University of San Carlos responds by redefining its raison d’etre as Education with a Mission, whose outcome should be Witness to the Word, validated through Scientia, Virtus et Devotio.
One of the challenges issued by CHED Memorandum Order (CMO) No. 46 series of 2013 is for each school to redefine its reason for being and to refresh its Vision-Mission-Goal statement, the better for Quality Assurance to accredit its performance once all its processes are constructively aligned as demanded by outcomes-based, competency-based and learner-centered education. University of San Carlos responds by redefining its raison d’etre as Education with a Mission, whose outcome should be Witness to the Word, validated through Scientia, Virtus et Devotio.
USC envisions itself as an institution where education not only has purposes common to other schools, but pursues “Education with a Mission,” where mission explicitly links purpose with Christ’s mission—namely, to gather all of God’s children into one loving family. That communion under one Father-God can be approximated on Earth by progressively establishing God’s reign, which in turn is only possible when each and every one becomes a “Witness to the Word.” Word is the title by which the Society of the Divine Word wishes to project its specific ways of following Jesus Christ in education.
No Christian is exempt from participating in Christ’s mission from the Father, understood today as prophetic dialogue—with those who seek faith, subscribe to other faiths, belong to other cultures, and count among the marginalized. At its core, mission is not only the task of the Church, nor what dedicated missionaries do; rather it is what every Christian does to promote God’s Reign according to each person’s human condition, social role, economic location, political status, cultural upbringing, and the like. The ideal Carolinian thus witnesses to Christ the Word by fulfilling the vocation befitting one’s station in life.
A critical test of the educated Carolinian as Witness to the Word is Scientia. The responsibility of the Carolinian lawyer or political scientist, businessperson or economist, artist or architect, engineer or scientist, educator or healthcare professional is to be the best one can be according to one’s discipline or career choice. As Jesus affirms in the parable of the talents, God has endowed each of his children with personal charisms, some with more and some with less, intending these to be enhanced to the maximum, rendering competition not against others but against the expectations of their own Source. Seeking to know whatever one needs to know, deepening one’s insight to the full, stretching one’s imagination of possibilities, honing all of one’s God-given skills to perfection, becoming as professionally competent as one can—all that is the meaning of Scientia as a fundamental responsibility and test of the true Carolinian.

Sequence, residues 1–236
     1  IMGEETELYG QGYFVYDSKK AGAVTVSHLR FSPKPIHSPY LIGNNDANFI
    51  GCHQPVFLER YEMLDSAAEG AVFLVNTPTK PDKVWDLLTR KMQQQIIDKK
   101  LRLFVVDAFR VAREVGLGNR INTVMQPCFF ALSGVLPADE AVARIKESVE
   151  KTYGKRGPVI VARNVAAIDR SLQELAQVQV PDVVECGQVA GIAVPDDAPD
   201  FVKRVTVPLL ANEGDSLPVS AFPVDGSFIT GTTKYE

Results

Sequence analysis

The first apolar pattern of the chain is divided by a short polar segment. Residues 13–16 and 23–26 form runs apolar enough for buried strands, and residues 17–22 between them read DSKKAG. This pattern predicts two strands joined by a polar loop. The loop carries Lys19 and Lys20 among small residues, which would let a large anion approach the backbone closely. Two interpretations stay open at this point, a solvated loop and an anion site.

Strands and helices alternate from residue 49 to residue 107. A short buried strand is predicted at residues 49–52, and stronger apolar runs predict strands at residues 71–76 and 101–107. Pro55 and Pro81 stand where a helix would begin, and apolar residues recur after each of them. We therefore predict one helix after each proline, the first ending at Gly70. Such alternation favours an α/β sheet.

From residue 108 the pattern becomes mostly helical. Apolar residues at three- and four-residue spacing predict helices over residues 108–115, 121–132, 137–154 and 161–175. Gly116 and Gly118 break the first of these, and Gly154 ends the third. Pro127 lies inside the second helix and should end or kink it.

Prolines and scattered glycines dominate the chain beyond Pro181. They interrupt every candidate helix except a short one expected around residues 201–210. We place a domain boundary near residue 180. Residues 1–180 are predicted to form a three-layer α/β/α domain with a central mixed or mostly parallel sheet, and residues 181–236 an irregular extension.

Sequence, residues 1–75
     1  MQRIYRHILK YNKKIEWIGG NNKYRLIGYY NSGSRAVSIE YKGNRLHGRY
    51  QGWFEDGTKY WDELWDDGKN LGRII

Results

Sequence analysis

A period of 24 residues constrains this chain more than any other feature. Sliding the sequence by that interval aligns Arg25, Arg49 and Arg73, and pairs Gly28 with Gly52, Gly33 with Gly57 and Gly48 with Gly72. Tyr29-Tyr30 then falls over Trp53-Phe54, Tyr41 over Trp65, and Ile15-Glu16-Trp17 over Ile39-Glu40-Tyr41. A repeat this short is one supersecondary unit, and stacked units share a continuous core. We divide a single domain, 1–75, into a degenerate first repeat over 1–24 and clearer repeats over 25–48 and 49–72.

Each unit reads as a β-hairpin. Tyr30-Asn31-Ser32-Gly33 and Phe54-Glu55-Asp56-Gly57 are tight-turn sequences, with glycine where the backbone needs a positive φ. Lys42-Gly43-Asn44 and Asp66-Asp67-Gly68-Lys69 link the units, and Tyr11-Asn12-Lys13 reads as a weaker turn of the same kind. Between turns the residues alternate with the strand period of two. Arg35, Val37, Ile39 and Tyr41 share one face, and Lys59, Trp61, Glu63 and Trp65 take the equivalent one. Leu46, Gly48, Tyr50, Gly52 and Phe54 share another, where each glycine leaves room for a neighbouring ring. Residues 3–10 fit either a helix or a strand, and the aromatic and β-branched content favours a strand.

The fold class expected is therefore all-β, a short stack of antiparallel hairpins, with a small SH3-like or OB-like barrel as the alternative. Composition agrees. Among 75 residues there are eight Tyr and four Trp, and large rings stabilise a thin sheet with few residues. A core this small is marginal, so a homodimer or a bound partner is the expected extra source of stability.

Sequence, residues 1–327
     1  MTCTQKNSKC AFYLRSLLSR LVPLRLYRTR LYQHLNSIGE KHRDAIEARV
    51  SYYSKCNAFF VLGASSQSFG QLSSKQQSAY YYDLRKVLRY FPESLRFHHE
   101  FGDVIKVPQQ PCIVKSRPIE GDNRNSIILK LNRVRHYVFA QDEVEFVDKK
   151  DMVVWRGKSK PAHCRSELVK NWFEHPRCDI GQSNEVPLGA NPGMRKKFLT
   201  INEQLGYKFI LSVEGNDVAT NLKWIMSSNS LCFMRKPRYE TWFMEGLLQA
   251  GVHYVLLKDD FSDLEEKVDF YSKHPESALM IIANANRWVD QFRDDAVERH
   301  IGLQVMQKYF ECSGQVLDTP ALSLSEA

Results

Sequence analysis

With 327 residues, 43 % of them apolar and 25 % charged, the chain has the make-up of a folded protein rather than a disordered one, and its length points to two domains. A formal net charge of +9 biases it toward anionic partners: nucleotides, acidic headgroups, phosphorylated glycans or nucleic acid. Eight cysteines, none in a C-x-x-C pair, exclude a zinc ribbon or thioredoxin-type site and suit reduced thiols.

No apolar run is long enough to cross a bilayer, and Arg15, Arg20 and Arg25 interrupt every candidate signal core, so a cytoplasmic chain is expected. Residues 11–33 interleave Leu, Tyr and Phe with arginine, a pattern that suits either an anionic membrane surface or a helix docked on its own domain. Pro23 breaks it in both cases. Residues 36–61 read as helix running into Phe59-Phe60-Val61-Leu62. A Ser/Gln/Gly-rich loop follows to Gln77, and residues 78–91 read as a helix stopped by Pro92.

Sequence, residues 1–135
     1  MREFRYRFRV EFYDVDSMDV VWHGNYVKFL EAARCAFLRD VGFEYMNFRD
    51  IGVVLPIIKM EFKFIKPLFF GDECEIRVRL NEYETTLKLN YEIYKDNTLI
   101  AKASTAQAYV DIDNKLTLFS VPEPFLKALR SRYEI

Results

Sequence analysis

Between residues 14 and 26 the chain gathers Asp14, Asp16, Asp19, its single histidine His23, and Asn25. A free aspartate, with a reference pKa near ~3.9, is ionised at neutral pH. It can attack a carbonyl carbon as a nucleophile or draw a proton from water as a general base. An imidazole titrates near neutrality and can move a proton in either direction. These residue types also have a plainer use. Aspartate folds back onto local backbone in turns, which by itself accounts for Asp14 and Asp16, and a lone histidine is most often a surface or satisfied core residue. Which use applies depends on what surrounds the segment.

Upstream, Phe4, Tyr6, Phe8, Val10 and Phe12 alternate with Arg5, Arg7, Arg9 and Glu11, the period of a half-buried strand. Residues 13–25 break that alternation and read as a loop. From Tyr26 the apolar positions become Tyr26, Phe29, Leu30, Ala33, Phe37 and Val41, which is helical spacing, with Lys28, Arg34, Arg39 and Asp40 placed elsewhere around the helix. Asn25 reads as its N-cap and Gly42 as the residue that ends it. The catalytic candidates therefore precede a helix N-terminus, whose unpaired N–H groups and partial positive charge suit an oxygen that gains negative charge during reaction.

Integral to the mission of the educated Carolinian is Virtus, being true to oneself, to others and to God in ways which parallel those of Scientia, cultivating the ideals and values of one’s profession and respecting the principles and norms which constitute the ethics and morals of one’s discipline or profession. Thus, as servants of the state the Carolinian lawyer or political scientist pursues the common good under the rule of law. As businessmen and economists, Carolinians seek to create wealth and to distribute it as well. As designer or engineer, the Carolinian assists society to find solutions suitable to its varied needs. As scientist, artist, or educator, the Carolinian supports the community’s quest to discover the true, the good, and the beautiful. Virtus means responding to conscience, building up character, and acting in prudence. Mirroring the evangelical attitudes, Virtus requires listening as well to the Baptist’s differentiated advice to his followers, imbibing the Beatitudes of Jesus, and adapting Pauline charity according to neighbor and context. In sum, Virtus means living as the child in whom God the Father can be well-pleased.
Indispensable to the mission of the Carolinian is the use of education equally for one’s personal good as for the good of society, since Devotio is both the commitment to solidarity and its effective practice. Indeed the Carolinian as Christian will explicitly include service to the poor, the least, the last, and the lost as a normal and regular service. The Carolinian never considers oneself successful simply because one has risen in social status, acquired more political power, joined the wealthy, become a celebrity, and the like. Instead the Carolinian Christian measures success in terms of the final judgment—of feeding the malnourished, providing potable water, sheltering the displaced, comforting the distressed, and standing together with all those who suffer, in Jesus’ name.
Education with a Mission is realized when all Carolinian stakeholders: students, faculty, administrators and staff strive to become Christ’s light for the world, salt of the earth, and leaven for the Kingdom being born wherever they find themselves. Our challenge for tomorrow is to cascade this institutional mission so that every college and department, office and unit can in turn articulate its respective mission programs and convert these into operational plans.
by Fr. Dionisio M. Miranda, SVD, S.Th.D. (10th University President)
Approved by the USC Board of Trustees, March 2014
Tags: Education with a mission, Witness to the Word, USC President